Musings on Simon Fischer's Mind Map

Simon Fischer's Mind Map - Click to Enlarge

I just came off a three week musical sprint (is such a thing possible?) that included a recital with the 5 Ensemble at Point Loma Nazarene University, two performances with Camarada, a performance and recording session with the Palimpsest Ensemble at UCSD, and wedged in between that, an Art of Elan performance in Breckenridge, Colorado! 

Throughout these three weeks I've been thinking a lot about practicing, and this picture of Simon Fischer's mind map on practicing has been circulating among my Facebook friends.

I love this because it's rare that you get to see inside the brain of such an amazing teacher! Many of these ideas, like building time/interpreting time/performing time, are things I incorporated into my own practicing and teaching a long time ago. 

Others are improvements or reminders of things I SHOULD be doing.  For example, I consistently rotate the technical material I practice (scales, double-stops, shifting, bow strokes etc.), but I'm not so great about tracking it (which would be an interesting thing to do). 

Additionally, there is one aspect of technique I haven't rotated in a long time, my scales fingering!  I've been in a practice rut of Flesch scales for the past couple years, and I've never tried rotating in other fingering systems.  I tried this out this week, working on Galamian scales, and it's been great! The new fingering forces me out of my muscle memory crutch, making me feel like I am filling in little holes in my mental map of the fingerboard.  This is hard, but great!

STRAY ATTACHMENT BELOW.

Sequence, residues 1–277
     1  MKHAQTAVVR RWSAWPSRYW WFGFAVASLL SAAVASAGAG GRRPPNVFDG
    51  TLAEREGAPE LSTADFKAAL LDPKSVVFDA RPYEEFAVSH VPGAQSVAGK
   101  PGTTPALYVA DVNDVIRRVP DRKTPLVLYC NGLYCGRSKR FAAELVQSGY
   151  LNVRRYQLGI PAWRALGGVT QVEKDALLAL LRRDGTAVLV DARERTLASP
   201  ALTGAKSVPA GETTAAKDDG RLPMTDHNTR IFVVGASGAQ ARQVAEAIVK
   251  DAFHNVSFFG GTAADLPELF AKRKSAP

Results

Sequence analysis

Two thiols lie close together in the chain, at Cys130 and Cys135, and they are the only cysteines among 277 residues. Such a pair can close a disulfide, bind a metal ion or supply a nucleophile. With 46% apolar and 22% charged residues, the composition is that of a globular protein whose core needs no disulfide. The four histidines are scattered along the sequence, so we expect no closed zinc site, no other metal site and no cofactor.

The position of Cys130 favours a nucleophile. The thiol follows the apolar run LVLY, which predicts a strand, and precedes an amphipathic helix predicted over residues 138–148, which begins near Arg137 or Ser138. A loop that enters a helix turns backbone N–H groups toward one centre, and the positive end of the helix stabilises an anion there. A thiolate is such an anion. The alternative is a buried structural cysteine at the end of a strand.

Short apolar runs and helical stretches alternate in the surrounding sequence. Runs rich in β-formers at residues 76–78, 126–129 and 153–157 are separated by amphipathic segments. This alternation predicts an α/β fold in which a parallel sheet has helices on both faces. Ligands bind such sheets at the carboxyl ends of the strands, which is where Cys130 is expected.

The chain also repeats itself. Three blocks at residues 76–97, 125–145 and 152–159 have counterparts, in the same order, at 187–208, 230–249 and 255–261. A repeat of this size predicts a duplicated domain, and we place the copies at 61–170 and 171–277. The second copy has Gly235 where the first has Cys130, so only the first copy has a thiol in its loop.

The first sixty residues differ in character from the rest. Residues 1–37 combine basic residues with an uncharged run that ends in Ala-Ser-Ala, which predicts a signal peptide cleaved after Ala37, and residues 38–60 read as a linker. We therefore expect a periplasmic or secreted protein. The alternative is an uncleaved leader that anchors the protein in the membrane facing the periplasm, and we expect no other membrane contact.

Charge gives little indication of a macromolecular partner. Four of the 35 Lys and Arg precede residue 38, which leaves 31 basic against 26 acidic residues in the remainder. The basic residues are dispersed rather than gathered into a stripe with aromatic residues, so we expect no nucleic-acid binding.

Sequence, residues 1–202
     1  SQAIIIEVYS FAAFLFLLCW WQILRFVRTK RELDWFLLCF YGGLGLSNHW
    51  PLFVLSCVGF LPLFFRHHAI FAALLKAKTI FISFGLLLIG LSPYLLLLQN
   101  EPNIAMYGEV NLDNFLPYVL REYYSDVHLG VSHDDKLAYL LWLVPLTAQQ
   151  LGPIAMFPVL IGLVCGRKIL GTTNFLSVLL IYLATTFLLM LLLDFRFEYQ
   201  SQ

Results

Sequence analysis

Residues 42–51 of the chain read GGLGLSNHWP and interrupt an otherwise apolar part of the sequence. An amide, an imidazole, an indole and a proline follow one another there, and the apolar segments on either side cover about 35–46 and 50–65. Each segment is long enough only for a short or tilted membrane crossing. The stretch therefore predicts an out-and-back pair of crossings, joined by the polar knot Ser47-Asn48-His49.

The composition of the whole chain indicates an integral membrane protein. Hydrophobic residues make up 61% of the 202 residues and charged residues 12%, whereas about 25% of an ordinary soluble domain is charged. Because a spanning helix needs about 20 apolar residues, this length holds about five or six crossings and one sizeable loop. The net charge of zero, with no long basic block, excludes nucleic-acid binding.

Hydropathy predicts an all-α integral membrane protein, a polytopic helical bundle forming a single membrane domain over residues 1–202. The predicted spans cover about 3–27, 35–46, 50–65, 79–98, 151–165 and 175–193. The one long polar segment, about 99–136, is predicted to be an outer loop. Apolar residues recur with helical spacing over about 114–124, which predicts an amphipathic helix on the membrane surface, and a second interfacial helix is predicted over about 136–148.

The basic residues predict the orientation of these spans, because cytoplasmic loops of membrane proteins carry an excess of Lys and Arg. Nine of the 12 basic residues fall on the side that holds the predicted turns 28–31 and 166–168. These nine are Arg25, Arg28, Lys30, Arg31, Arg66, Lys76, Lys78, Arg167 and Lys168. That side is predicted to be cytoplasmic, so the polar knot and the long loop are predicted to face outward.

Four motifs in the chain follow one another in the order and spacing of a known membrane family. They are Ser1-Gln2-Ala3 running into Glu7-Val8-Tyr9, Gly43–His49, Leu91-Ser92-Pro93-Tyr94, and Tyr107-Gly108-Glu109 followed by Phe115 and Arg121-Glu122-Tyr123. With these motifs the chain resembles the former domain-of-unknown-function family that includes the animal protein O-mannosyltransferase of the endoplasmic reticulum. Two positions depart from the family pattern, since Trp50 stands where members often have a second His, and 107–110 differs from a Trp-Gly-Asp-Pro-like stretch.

Some suggestions in this map, like Mental Rehearsal, are things that I've only begun to explore, but have already seen great benefit in.  With all the music that I had to play these past three weeks, I didn't have nearly enough time or physical energy to practice everything to the level I wanted to.  One piece in particular, the Beethoven Serenade for Flute, Violin and Viola, felt especially neglected, with very little time actually practicing the piece on the instrument. However, I spent a good amount of time listening to and studying the piece, and shortly before the performance I silently fingered and internally sang the whole piece from start to finish and I'm happy to say it went very well!    

Another excellent reminder in this mind-map: choosing etudes and techinical studies suited to your current repertoire.  This is something we should all be doing, simply for effeciency.  It stands to reason that each of us has technical weaknesses that are not limited to the problems in our current music, but there's no way we can address all these problems at once!  Therefore, we should choose etudes, technical studies and scale variations designed to tackle these problems away from their musical context. 

An example from my current practicing: the Fugue from Bach's Sonata #1 for Solo Violin (transcribed for Viola) has tons of thorny double, triple and quadruple stops, which present many problems for me, mostly related to intonation.  To speed up my learning of these tricky passages, in my building time I've been practicing lots of double and triple stops (thirds, fourth, sixths and octaves) in different positions and different strings in the keys of the Fugue.  

  1. How could you incorporate this idea into your current practicing? 
  2. What specific technical problems do you have in your current repertoire? 
  3. What etudes, technical exercises, scale variations, or other practice methods could you use to address these problems in your Building Time?